Society’s View on Mental Disabilities (Autism)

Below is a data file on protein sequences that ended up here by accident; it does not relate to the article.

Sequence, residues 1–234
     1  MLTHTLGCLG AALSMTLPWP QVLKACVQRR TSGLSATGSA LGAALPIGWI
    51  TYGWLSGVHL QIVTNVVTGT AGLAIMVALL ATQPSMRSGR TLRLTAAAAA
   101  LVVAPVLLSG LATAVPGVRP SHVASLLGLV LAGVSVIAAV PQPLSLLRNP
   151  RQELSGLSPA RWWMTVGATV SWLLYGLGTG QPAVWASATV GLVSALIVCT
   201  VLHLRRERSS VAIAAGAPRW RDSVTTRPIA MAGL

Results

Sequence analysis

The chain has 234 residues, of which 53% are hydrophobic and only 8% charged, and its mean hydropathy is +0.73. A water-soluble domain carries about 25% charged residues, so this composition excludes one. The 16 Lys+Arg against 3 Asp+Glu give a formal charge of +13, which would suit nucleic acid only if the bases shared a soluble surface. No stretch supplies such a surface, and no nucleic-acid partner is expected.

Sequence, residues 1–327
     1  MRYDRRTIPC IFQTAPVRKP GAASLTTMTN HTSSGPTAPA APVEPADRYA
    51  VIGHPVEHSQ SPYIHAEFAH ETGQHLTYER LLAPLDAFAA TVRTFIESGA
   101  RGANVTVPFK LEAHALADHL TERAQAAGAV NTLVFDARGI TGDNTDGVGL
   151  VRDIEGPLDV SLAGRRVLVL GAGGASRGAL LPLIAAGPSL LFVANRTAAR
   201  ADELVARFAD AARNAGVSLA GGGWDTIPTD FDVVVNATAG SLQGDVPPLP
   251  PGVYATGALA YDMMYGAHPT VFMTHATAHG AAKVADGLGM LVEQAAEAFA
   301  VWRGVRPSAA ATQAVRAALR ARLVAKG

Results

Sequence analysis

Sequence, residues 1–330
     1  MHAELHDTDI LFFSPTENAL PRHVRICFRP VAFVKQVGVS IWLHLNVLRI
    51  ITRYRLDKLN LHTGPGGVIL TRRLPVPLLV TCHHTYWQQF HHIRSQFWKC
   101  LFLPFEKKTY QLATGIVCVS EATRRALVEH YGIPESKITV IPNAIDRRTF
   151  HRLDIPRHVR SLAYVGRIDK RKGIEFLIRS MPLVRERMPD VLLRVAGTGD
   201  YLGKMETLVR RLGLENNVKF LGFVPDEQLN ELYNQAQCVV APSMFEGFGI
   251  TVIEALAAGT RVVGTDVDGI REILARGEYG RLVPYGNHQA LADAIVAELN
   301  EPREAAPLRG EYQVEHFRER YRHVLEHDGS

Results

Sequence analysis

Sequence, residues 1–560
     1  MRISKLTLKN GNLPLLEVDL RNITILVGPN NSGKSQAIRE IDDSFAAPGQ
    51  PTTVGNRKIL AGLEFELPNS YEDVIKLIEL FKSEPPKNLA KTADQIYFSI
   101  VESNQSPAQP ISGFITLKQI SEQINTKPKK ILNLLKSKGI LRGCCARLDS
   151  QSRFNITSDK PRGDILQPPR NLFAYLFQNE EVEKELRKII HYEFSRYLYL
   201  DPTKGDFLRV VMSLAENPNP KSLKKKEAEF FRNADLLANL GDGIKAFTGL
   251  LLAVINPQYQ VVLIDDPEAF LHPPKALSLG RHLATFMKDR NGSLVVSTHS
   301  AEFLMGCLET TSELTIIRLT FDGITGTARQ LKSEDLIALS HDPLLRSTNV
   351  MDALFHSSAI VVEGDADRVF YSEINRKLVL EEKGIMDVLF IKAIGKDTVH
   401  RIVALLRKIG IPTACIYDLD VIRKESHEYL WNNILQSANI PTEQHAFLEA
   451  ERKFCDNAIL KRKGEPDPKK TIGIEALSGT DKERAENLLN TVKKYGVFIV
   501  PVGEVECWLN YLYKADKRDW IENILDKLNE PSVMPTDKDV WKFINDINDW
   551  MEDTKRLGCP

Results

Autism is known as a complex developmental disability. Experts believe that autism presents itself during the first three years of a person's life. The condition is the result of a neurological disorder that has an effect on normal brain function, affecting development of the person's communication and social interaction skills. People with autism have issues with non-verbal communication, a wide range of social interactions, and activities that include an element of play or banter. “Today, it is estimated that one in every 110 children is diagnosed with autism, making it more common than childhood cancer, juvenile diabetes and pediatric AIDS combined” (What is Autism 2011). “Studies suggest boys are more likely than girls to develop autism and receive the diagnosis three to four times more frequently. People who have autism often have delayed language development.” (Autism Fact Sheet 2011) They usually have trouble with social interactions. Another characteristic of autism is what some people describe as “sensory overload”: Sounds seem louder, lights brighter, or smells stronger. Not everybody with autism has the exact same symptoms. Some people may have autism that is mild, while others may have autism that is more severe. Society’s view, or an outsider’s view on autism, is in most cases demeaning and condescending. Those with autism are treated like lesser beings solely because of their difficulties in the area of communication. When dealing with someone who has autism, the “neurotypical” will in most cases, more often than not, assume that they are “stupid” or “unintelligent” because of their inability to express their feelings or hold a normal conversation. The minority (unfortunately) of society, however, falls into the category of those who embrace the “new paradigm”. They make a valiant effort to truly understand what it is like to live with autism and to understand how the autistic mind works. They are not demeaning in nature, and do not label anyone as having a “disability”. “The idea that autistic people do not want to communicate and would rather be isolated and the idea that they do not desire companionship are completely and utterly false.” (What is Autism 2011) People ignorantly and automatically assume that someone with autism would rather be alone, solely because of the actions and behaviors that they so commonly exhibit. They do not take the time to sit down with and talk to someone with autism, having total disregard for how the autistic mind works. They take the easy way out and in most cases, do not even display a valiant and on-going effort to try and be acquaintances. It is apparent that “neurotypical” and autistic people hold the same needs, and it is crucial to treat someone with a disability just as you would anyone else. Partially reading Autism and the Myth of the Person Alone has drastically changed my views regarding people with autism. Biklen has shed light on a whole new area of the disability, somewhere that most “neurotypical” people never get a chance to look at. His book is unbiased, yet revealing in nature; a feat that no prior author was able to accomplish. He reveals the true feelings and mindset of those with autism, without penalizing the average reader for their shallow vies. Ultimately, it is vital that we, as a whole, take more time to accept, appreciate, and understand those with autism and other disabilities alike. Patience is a virtue, and without it, both parties are at a loss; the “neurotypical” will continue to hold onto their malformed myths, and the person with autism will continue to feel demeaned, as they were not given the chance to express their feelings. If you still lay unconvinced that people with autism are not isolated and are not alone in their own world, and you plan on jumping on the band wagon with the rest of society, then you should take Sue Rubin’s most powerful...
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